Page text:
– Service delivery and integration. Unbundling may disrupt how MSPs bundle services, demanding changes in delivery models due to the deep integration of Teams with Office applications.

– Billing and subscription management Separate billing for Teams and Office could complicate financial operations, requiring more administrative effort to manage distinct subscriptions and compliance.

– Training and support. A standalone Teams setup might increase support queries and necessitate updated training materials, placing additional demands on MSP resources.

– Client satisfaction and retention. Crucially, the change could confuse clients who are accustomed to (and expect) the convenience of integrated packages, potentially affecting their satisfaction and loyalty (during the adjustment phase), lowering the barriers to exit from their supplier.

– Market competition. Facing competitors offering more cohesive solutions, MSPs may need to reevaluate their offerings and pricing to stay competitive.

What Does This Mean For Your Business? 

This is not an unexpected development, given Microsoft’s unbundling of Teams in the EU last October, continued regulator and competitor pressure, and the threat of a massive fine. It’s good news for Microsoft’s competitors like Slack, however, for Microsoft, some say that even this concession and change in its product strategy may not be enough to avoid a fine.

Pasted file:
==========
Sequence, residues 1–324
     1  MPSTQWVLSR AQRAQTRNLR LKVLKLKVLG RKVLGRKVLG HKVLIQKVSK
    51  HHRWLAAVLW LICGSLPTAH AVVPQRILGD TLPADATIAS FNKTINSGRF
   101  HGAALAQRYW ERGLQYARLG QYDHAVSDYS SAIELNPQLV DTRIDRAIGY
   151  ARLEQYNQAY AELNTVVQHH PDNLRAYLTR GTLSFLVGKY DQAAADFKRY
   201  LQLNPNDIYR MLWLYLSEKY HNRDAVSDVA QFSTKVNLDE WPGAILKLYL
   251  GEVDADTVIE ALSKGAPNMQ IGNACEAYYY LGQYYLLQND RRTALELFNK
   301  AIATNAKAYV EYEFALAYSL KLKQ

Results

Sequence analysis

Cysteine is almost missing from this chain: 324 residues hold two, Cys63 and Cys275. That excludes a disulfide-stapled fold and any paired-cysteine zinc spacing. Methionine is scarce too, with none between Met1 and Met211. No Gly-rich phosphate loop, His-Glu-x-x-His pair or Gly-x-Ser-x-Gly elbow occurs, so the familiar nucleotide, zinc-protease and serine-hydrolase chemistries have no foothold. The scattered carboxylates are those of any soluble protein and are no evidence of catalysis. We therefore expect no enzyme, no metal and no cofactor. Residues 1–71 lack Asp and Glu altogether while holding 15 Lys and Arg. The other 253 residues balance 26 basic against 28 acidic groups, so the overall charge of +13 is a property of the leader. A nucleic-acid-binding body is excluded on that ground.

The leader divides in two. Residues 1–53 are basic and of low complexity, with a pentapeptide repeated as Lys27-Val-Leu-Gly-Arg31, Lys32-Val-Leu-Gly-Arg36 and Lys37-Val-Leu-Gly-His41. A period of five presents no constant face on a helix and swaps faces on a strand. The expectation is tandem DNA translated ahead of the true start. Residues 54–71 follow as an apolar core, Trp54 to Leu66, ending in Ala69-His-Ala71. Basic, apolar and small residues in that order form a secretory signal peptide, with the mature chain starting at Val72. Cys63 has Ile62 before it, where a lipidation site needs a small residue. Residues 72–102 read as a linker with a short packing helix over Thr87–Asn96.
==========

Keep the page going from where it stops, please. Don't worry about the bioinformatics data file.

The complications and unsettling effects it could have on UK business customers could also cause some considerable problems for the UK’s many MSPs. For example, they may find themselves having to navigate a more complex service landscape, facing challenges in service integration, billing management, and customer support. This could mean that MSPs will have to now monitor the impacts carefully and adjust their strategies to minimise the likely negative effects on their business and client relationships.

This could mean having to adapt current offerings and trying their best to ensure seamless integration and support for both Teams and Office applications independently – an extra challenge in an already difficult market.

Tech News : EU Teams To Be Unbundled From 365

Following pressure resulting from a formal investigation by the European Commission over a possible breach of competition rules, Microsoft has announced that it will begin unbundling Teams from Office 365 and Microsoft 365 in European markets.

Antitrust Investigation 

Following a complaint by Slack three years ago, this July the European Commission opened an antitrust investigation into Microsoft’s bundling of its Teams app with its Office suite over concerns that it could be in breach of the EU’s competition rules.